Interesting long article on the impact of the Gates Foundation on the U.S. higher education system. As the author notes, "The Bill & Melinda Gates Foundation has spent $472-million (so far) on higher education," but this money has been directed as much toward lobbying to reshape the foundation of the system (in favour of market-based and compentency-based self-study programs and their ilk) as it is toward developing better systems and technologies. It doesn't help that the Gates think-tank is headed by the reprehensible Kevin Carey, an economist who made a name attacking the professoriate and advocating market-driven reforms.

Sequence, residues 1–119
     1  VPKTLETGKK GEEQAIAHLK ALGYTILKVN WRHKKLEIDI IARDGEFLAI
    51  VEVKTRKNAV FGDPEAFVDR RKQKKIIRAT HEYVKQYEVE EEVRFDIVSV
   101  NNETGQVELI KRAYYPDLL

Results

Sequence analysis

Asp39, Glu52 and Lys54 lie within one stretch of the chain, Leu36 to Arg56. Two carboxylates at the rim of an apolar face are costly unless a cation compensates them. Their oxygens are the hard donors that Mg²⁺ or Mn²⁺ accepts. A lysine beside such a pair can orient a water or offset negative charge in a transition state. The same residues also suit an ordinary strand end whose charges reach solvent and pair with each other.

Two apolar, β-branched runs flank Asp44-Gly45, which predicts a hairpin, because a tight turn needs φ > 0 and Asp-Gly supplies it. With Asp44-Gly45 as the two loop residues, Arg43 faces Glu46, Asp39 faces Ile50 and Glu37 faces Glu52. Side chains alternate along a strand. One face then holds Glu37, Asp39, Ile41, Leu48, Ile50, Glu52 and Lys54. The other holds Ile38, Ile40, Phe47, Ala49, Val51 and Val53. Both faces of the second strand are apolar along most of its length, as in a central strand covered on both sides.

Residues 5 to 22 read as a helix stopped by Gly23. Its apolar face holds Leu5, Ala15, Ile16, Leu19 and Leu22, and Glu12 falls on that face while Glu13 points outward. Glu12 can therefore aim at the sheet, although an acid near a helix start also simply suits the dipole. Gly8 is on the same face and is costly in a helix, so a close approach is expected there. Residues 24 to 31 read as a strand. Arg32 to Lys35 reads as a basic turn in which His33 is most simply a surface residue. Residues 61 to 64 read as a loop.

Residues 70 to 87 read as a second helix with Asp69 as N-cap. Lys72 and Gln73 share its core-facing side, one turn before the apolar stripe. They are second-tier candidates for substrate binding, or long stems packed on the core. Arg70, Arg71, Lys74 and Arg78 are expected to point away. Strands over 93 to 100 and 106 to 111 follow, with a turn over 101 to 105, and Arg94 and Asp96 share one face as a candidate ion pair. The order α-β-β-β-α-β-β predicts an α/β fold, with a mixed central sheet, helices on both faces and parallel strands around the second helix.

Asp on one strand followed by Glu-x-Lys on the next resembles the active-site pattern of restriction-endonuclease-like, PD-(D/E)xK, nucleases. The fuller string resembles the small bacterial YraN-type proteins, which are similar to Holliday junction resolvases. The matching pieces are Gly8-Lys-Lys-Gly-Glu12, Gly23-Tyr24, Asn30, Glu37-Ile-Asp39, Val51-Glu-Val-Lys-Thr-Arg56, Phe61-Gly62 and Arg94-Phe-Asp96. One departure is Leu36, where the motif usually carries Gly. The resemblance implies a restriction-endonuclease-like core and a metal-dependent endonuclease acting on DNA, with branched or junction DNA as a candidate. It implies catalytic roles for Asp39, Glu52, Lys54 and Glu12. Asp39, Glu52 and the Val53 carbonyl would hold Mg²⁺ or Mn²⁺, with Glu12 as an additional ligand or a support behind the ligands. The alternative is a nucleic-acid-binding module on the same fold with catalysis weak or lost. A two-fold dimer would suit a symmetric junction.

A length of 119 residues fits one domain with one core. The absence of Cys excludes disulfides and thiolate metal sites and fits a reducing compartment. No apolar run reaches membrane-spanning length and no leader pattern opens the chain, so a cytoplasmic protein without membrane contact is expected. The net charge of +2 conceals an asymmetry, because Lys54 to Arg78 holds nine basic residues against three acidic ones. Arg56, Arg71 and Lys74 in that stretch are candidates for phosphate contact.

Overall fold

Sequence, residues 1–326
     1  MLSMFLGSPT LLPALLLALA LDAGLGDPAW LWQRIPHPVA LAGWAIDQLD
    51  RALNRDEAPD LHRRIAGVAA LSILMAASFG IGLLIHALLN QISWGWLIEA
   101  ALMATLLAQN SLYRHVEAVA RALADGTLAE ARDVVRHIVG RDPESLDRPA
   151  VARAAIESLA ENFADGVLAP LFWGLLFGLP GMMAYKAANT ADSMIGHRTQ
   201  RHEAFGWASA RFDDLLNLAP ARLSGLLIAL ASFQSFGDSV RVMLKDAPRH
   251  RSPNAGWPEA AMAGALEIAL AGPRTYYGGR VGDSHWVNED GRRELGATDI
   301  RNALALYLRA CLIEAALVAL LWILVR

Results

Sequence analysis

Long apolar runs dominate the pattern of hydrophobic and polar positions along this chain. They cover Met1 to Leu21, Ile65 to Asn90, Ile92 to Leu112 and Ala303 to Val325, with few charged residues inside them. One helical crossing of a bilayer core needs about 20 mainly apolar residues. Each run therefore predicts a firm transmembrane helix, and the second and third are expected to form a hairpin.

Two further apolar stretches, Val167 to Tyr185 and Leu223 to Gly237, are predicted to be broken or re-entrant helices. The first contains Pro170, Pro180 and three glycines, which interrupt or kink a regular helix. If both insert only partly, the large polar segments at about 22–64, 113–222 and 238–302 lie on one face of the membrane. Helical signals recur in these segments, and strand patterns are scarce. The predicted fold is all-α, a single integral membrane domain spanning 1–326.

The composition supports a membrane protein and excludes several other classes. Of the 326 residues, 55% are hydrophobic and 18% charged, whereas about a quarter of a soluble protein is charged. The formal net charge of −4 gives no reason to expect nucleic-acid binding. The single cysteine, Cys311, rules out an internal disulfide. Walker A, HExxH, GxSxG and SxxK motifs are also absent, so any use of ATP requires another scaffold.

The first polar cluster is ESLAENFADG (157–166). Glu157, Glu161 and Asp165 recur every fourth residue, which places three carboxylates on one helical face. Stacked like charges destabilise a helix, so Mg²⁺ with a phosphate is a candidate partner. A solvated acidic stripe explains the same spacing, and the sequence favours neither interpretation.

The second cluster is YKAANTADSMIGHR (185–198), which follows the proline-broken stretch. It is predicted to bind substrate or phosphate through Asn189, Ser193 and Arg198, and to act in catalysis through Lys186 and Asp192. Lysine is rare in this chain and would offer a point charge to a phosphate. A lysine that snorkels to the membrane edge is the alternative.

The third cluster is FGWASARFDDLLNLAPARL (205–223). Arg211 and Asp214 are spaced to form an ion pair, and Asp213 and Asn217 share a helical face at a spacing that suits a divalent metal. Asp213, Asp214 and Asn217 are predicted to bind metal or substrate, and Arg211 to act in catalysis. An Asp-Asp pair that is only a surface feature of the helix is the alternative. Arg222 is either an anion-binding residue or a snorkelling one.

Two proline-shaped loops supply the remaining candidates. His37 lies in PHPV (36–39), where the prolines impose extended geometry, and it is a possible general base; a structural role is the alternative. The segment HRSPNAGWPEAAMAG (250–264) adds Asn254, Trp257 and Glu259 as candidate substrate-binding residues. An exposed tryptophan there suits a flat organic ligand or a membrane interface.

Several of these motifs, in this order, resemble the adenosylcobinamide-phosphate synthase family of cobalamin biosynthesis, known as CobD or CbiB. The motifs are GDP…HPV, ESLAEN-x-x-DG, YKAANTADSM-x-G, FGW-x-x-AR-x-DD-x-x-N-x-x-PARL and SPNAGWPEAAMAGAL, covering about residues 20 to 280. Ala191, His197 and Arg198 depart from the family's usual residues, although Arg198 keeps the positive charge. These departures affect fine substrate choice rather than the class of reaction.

I'm in the middle here - I agree with the Foundation that the system is broken; education should be more accessible and less expensive. But I don't agree with the orientation toward "a system of education designed for maximum measurability, delivered increasingly through technology, and... narrowly focused on equipping students for short-term employability." I think this is a mistake, and the objective should be to develop capacity rather than credentials. Not that there's any chance I'll ever get any Gates money to develop this alternative. And that's probably the most telling criticism of the Gates effort - the Foundation's steadfast beleif that it has the right answer, and will lobby into submission any other point of view. That approach has never worked.